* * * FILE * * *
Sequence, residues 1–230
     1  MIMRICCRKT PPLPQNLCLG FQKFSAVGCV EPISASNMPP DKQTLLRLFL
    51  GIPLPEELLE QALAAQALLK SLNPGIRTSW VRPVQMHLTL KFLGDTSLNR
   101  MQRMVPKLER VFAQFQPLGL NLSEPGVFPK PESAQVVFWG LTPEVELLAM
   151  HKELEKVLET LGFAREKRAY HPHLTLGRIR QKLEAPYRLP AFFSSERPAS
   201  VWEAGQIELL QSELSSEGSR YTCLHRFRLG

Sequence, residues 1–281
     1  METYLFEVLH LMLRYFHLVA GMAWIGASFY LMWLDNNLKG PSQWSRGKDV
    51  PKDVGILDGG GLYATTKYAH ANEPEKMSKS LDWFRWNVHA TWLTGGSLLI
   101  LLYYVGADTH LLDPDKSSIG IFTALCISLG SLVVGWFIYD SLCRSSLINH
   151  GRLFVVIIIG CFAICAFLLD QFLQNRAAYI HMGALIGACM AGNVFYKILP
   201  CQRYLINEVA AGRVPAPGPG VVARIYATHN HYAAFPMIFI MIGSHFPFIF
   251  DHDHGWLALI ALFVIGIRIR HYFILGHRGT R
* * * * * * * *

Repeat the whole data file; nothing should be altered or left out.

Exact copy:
Sequence, residues 1–230
     1  MIMRICCRKT PPLPQNLCLG FQKFSAVGCV EPISASNMPP DKQTLLRLFL
    51  GIPLPEELLE QALAAQALLK SLNPGIRTSW VRPVQMHLTL KFLGDTSLNR
   101  MQRMVPKLER VFAQFQPLGL NLSEPGVFPK PESAQVVFWG LTPEVELLAM
   151  HKELEKVLET LGFAREKRAY HPHLTLGRIR QKLEAPYRLP AFFSSERPAS
   201  VWEAGQIELL QSELSSEGSR YTCLHRFRLG

Sequence, residues 1–281
     1  METYLFEVLH LMLRYFHLVA GMAWIGASFY LMWLDNNLKG PSQWSRGKDV
    51  PKDVGILDGG GLYATTKYAH ANEPEKMSKS LDWFRWNVHA TWLTGGSLLI
   101  LLYYVGADTH LLDPDKSSIG IFTALCISLG SLVVGWFIYD SLCRSSLINH
   151  GRLFVVIIIG CFAICAFLLD QFLQNRAAYI HMGALIGACM AGNVFYKILP
   201  CQRYLINEVA AGRVPAPGPG VVARIYATHN HYAAFPMIFI MIGSHFPFIF
   251  DHDHGWLALI ALFVIGIRIR HYFILGHRGT R